By Richard Sullins |

Almost three years after voters approved a bond referendum to create a multi-sports complex in Sanford, the search for a prime contractor to build the park just off the U.S. 421 bypass at Broadway Road is underway and a winning bidder to lead the $40 million project could be selected by mid-September.

County Manager Lisa Minter told the board of commissioners Monday that the documentation necessary for submission of a valid bid was made available to qualified pre-qualified contractors beginning on July 18. Sealed bids will be received until 1:30 p.m. on August 29, in the Finance Office of the County Administration Building.

Thirty minutes after that, the bids will be opened at the Bob Hales Center and read aloud, with the names of each firm and the amount of their bid recorded for presentation to the commissioners when they meet again after Labor Day. Interested companies who have pre-qualified may wish to attend an optional pre-bid conference on August 1 at 2 p.m., also at the Hales Center, to seek clarification or ask questions of the designer, the John R. McAdams Company.

How we got here

Selection of the contractor is a major milestone in moving the project forward, Minter said. Ideas for a complex that could host a variety of sporting events had been kicked around for at least five years before county commissioners put the proposal before voters in the 2020 election. Their proposal to raise $25 million in bond funding for the 120 acres was approved in nine of the county’s ten precincts with 58.59 percent of all voters being in favor of the project. The land where the complex will be located was acquired in 2021.

But the COVID-19 pandemic was still running out of control at that time, without vaccines or effective treatments, and before the project could gain any momentum of its own, it was hit again by the twin blows of runaway inflation and shortages in the supply chain that hit large construction projects like the multi-sports complex.

The cost of construction materials skyrocketed, and by the time McAdams was chosen to design the project in February of 2022, the estimated costs of building the showplace sporting complex the county had dreamed of had risen to $74 million – nearly triple what voters had authorized barely 18 months prior.

By August of 2022, inflation had begun to peak, and the commissioners paused the project for 30 days to reconsider their options. When the board met again in September, it approved a significantly scaled-down version of the initial plan.

That redesign cut the number of soccer fields from ten to six. The original layout had also included five baseball fields, playgrounds, walking trails, and a 300-seat baseball stadium that could have housed teams like the Sanford Spinners. Most of those had to be eliminated as well.

Community leaders had planned for the complex to serve as spot that could host regional competitions in soccer, baseball, and softball, as well as a place where the young and the old could find their own ways to keep fit. By drawing visitors regularly from outside the county, as well as families who had relocated to the area because of jobs created by new industries locating here, the hope was that restaurants, shops, and hotels would benefit Sanford and the county would each see increases in the taxes they collect.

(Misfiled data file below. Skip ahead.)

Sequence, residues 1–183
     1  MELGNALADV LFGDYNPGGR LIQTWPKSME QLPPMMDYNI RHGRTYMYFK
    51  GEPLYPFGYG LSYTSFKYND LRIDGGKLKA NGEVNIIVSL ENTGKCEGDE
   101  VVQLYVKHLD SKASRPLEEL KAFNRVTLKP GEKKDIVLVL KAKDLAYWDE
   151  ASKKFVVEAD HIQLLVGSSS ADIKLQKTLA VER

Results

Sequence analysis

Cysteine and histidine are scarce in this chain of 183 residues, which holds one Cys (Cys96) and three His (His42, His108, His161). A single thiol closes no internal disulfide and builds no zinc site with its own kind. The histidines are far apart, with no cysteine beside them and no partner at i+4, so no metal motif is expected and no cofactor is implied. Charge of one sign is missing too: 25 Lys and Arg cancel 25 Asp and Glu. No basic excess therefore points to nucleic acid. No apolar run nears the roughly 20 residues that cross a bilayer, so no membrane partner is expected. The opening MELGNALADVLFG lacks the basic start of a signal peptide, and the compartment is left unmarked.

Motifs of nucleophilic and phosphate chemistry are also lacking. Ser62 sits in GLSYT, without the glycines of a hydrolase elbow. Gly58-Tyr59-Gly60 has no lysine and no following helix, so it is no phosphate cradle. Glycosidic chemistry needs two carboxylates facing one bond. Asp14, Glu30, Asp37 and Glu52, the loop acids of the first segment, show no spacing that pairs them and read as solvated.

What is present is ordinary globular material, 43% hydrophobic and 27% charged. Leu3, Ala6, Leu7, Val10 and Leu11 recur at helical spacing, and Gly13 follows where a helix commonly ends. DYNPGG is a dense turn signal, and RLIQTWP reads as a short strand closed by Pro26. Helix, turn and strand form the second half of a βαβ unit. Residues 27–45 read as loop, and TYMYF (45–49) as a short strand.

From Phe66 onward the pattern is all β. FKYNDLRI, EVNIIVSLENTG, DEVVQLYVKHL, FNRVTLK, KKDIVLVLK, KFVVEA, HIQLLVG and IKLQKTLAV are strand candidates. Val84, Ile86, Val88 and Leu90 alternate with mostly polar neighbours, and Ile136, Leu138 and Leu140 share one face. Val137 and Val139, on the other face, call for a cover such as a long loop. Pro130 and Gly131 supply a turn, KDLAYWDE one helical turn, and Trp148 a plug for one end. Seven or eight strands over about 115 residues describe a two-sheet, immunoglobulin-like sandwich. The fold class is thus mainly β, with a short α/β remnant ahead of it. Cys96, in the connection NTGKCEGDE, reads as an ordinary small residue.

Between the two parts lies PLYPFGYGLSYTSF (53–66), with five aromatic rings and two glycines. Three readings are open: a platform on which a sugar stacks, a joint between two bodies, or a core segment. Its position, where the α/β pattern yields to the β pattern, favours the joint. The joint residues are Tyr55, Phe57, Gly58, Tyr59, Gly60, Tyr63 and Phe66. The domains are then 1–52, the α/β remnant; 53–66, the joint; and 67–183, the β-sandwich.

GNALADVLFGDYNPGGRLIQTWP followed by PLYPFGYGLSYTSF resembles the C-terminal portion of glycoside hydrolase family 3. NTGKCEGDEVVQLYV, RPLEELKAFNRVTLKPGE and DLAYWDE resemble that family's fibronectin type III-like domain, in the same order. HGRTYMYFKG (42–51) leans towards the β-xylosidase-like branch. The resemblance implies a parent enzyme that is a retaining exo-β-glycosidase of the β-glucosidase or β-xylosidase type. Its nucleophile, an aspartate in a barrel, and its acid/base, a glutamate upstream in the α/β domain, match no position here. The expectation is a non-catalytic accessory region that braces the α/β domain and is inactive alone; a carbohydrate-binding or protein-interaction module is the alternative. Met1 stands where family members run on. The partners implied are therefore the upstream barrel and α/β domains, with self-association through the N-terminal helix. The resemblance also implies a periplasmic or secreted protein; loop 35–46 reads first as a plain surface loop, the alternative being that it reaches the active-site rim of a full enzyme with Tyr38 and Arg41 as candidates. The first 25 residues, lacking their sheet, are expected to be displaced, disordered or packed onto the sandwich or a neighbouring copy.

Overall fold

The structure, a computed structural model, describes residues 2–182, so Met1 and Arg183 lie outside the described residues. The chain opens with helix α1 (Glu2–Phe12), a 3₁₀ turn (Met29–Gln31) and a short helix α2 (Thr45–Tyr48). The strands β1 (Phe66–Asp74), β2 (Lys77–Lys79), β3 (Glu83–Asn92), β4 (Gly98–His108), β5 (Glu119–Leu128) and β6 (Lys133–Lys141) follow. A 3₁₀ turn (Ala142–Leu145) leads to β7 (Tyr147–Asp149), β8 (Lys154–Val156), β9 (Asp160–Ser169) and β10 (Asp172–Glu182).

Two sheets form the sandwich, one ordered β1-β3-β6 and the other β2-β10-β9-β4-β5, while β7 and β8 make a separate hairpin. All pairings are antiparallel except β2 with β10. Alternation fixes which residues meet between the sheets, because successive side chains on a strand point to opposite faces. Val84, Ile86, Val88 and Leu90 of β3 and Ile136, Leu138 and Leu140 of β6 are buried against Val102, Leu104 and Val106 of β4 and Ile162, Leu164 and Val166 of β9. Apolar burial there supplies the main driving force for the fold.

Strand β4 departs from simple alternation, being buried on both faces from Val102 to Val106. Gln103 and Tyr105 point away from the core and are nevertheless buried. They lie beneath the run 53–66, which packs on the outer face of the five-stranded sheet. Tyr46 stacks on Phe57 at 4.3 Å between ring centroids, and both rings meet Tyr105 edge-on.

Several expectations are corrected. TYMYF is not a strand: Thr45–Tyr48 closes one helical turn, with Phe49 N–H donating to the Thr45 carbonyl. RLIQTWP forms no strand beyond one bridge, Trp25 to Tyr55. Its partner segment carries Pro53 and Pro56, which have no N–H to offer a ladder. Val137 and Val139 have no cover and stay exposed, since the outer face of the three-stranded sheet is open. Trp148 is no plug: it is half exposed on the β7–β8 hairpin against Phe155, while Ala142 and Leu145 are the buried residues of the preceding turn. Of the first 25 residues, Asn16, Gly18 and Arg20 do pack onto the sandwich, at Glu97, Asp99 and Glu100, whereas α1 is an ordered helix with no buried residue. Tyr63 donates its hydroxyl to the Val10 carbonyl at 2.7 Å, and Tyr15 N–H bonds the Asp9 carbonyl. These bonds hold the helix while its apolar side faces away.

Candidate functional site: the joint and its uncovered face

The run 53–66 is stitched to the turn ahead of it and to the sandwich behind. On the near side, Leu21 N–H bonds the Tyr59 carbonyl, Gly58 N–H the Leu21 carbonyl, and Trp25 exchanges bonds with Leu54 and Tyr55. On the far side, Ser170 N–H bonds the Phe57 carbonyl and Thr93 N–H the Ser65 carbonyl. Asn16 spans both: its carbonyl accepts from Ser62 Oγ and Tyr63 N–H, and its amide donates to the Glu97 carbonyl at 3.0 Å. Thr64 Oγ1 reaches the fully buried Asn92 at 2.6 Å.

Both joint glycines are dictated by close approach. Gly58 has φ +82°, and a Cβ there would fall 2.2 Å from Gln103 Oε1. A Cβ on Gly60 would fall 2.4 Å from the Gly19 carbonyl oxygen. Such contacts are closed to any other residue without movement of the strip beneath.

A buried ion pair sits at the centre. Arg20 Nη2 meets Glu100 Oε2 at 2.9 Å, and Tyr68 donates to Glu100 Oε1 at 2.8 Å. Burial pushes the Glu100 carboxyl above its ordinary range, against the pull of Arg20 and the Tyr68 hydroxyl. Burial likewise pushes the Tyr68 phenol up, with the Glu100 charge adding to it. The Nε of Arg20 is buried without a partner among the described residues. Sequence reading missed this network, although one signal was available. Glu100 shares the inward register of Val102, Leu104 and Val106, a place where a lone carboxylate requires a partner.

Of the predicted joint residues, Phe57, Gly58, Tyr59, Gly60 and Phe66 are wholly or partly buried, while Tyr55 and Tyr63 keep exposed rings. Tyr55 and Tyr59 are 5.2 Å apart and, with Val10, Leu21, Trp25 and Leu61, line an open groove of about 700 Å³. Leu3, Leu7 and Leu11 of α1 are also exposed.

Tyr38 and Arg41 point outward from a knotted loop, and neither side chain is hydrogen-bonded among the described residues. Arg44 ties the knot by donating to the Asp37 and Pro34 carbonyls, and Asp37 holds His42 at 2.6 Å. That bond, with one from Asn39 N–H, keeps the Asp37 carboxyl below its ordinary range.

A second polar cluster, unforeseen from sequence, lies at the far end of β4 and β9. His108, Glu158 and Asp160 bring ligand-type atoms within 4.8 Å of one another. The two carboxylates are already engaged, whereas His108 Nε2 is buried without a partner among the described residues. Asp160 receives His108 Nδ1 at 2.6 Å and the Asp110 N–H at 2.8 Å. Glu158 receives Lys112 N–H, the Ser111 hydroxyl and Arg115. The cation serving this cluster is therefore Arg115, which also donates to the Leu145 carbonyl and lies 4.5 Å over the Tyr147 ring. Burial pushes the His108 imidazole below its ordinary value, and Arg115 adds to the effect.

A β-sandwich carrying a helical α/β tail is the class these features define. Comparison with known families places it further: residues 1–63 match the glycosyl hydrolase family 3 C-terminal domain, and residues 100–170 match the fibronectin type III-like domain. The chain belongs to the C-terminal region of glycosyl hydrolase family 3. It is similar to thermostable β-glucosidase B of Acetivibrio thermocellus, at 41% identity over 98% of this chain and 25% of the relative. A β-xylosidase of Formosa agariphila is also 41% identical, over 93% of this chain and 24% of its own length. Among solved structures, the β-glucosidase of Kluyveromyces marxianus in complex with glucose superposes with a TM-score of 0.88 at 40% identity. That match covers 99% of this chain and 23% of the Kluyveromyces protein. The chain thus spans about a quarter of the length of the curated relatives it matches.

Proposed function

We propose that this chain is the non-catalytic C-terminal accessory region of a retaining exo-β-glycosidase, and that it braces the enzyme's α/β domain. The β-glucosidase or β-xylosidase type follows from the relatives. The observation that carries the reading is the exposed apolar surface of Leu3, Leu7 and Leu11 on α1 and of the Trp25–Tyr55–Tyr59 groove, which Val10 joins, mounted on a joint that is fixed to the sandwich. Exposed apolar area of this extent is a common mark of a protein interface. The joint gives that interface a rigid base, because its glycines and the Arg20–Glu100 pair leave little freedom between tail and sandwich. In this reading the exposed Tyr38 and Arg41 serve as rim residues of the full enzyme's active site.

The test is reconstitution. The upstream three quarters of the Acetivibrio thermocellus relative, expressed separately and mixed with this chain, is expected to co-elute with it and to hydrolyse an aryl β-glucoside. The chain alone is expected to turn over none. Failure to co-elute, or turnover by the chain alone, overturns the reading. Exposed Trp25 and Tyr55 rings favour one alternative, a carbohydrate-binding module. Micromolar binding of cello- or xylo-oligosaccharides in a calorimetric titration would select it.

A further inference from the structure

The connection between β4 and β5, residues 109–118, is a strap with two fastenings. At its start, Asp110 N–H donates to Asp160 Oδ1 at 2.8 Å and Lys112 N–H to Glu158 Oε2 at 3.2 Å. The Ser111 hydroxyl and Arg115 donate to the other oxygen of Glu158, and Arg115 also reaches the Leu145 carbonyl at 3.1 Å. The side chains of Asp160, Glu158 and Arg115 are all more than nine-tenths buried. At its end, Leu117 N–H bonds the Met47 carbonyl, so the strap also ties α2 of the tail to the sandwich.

It may be years before the full impact of shrinking the scale of the complex can be measured, but not everyone has given up hope. The redesign will allow for the items that had to be cut last year to potentially be built in future years if funds become available.

But with the selection of a prime contractor now just weeks away, those components of the original dream will have to wait for another day.

Park access from Broadway Road

Minter’s monthly report to the commissioners provides details about another key development with the project. It notes that the North Carolina Department of Transportation has provided preliminary approval for an access break on Broadway Road that will allow traffic to enter and exit the site from either direction.

The agreement is still subject to final approval once DOT and the county reach an agreement related to the monetary value of the break. It’s up to DOT to determine the estimated fees associated with creating a means of ingress and egress, and it has requested additional updates for the turning lane at the N.C. 42 intersection.

That’s important, because DOT will also require a developer’s agreement for the installation of a right-turn lane coming into the multi-sports complex into the existing widening project on Broadway Road. The agreement would spell out terms for DOT’s contractor to perform the work that would construct the turning lane, and the county would pay a fee for the work performed.

The Lee County Parks and Recreation Commission made recommendations for the names of roads that will go through the complex and their proposals were to have been considered by the commissioners Monday night. Instead, they were pulled from the agenda at the start of the meeting. Chairman Kirk Smith explained that some of the names appeared to be duplicates of roads that already exist elsewhere in the county and that there was at least once instance of a proposed name that had been misspelled.

Smith said that new names would be submitted to the commissioners for consideration at their next meeting in August.